How to Design an Organization That is Built for Success
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In-flight magazines and management bestsellers are all full of ideas and opinions on how to build an organization for long-lasting success. Best-selling authors and management gurus have made a handsome career talking about things that seem like a universal panacea for just about any kind of organization. Unfortunately, it is dangerous, even suicidal, to put your professional reputation at stake these days by calling out such fantastic organizations that achieve (or are preordained to achieve) long-lasting success - whatever that means!
What was once a hopeless laggard might unexpectedly hit the jackpot and become a smashing success tomorrow, and what is flying high today might suddenly get birdstruck and be biting the dust tomorrow. There are no one-size-fit-all prescriptions that fit all kinds of organizations. Organizations don’t come with a good user manual, and most certainly none of them come with a thirty-day no-questions-asked full-refund policy! So, how does one go about designing and building an organization for long-lasting success?
In my experience, there are three critical elements that need to be present in ‘interlocking proportions’ for any organization to truly achieve any sustainable long-term success. When I say ‘interlocking proportions’ I am implying two key things:
That there must be a natural and mutually complementary fit among all the components.
These components are in amounts that complement and, ideally, amplify each other, rather than canceling out one component at the cost of another component.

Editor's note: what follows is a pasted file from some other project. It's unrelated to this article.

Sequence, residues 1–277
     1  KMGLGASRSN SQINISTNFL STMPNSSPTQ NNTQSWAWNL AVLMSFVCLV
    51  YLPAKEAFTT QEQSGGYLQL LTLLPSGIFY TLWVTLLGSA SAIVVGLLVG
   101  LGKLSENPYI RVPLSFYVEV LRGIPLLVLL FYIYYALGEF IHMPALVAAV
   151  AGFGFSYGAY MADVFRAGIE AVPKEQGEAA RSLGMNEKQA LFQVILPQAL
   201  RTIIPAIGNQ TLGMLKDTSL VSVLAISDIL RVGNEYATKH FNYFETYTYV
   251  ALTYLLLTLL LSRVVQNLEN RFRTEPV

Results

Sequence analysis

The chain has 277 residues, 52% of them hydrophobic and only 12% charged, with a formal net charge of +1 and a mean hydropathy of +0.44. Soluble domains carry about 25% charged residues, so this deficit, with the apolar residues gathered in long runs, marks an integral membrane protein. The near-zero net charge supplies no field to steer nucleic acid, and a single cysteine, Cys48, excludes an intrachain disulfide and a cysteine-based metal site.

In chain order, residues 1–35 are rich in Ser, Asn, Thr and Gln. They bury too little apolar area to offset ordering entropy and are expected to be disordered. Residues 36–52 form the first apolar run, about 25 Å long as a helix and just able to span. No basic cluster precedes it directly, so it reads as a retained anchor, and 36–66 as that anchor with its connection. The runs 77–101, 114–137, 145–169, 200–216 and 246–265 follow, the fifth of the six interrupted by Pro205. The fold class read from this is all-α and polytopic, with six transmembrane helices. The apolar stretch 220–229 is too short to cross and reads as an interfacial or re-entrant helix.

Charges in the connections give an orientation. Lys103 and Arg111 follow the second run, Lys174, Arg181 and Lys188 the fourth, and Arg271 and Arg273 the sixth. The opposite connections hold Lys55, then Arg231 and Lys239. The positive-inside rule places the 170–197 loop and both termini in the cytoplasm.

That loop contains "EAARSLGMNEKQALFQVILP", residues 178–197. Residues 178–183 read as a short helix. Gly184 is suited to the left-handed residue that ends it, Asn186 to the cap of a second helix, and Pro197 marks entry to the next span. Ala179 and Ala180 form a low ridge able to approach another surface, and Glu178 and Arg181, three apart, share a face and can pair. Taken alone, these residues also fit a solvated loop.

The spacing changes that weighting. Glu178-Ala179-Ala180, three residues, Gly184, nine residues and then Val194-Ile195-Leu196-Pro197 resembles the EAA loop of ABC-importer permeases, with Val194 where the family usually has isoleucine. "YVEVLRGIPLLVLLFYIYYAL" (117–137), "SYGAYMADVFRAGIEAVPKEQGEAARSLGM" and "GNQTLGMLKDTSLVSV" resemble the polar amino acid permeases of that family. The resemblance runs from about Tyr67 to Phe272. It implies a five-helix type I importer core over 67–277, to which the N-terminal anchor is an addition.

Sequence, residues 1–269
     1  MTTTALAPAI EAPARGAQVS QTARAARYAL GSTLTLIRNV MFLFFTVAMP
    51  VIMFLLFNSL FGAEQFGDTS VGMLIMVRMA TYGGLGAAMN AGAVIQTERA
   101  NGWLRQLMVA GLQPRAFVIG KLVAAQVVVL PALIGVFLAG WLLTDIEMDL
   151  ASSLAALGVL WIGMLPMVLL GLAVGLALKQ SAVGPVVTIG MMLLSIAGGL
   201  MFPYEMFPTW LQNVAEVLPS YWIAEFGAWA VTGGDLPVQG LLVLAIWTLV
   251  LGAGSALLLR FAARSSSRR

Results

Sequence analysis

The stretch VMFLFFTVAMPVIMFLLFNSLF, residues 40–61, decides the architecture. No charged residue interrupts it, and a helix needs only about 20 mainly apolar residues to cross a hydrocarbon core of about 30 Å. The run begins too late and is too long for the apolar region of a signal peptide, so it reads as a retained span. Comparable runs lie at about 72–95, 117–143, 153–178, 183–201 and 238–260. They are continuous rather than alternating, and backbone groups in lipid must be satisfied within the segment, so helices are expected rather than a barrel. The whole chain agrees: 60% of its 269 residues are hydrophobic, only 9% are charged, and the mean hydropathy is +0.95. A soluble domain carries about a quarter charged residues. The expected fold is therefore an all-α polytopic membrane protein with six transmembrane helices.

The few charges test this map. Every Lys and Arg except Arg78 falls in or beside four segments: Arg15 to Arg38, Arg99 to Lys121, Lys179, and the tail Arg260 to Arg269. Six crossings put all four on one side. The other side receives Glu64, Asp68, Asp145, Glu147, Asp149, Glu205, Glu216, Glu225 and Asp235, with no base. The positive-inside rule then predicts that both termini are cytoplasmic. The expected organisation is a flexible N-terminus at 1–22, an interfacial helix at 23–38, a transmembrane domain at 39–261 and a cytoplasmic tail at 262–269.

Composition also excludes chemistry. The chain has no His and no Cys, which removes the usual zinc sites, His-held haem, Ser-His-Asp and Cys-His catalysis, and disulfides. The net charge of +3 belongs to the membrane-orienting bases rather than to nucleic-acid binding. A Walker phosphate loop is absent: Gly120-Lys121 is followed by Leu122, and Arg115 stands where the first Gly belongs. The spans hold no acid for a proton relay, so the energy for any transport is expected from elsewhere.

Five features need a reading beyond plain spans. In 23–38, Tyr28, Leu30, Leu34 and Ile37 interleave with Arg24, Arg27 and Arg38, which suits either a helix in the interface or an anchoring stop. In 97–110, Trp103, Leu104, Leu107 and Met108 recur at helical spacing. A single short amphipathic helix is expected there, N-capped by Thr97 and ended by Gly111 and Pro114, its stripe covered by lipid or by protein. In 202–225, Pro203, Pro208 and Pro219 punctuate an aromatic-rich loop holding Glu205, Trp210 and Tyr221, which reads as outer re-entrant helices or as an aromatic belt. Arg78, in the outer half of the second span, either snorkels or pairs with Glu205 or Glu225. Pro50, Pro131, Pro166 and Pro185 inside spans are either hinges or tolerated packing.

For example, we might have a developed a great car that delivers 100 MPG fuel efficiency, but it might compromise on the road safety aspects. Or if the safety standards are left uncompromised, then the passenger comfort leaves much to be desired. The iPhone 5 might be a great mobile device (a highly subjective statement, based on what camp you come from!) but its battery life sucks. In a way, this is similar to “integrative thinking” – Roger Martin’s term for the human brain’s ability “to hold two conflicting ideas in constructive tension“. However, it is hard to visualize integrative thinking for an organization that is constantly changing.
In the context of organizations, what this means is that as the team grows from a startup into its next phase of growth and eventually into a larger organization, its components also need to commensurately grow in tandem. I have seen this being the biggest bane of many growth-phase companies – they don't realize that the things that once made them successful might be impeding their further growth.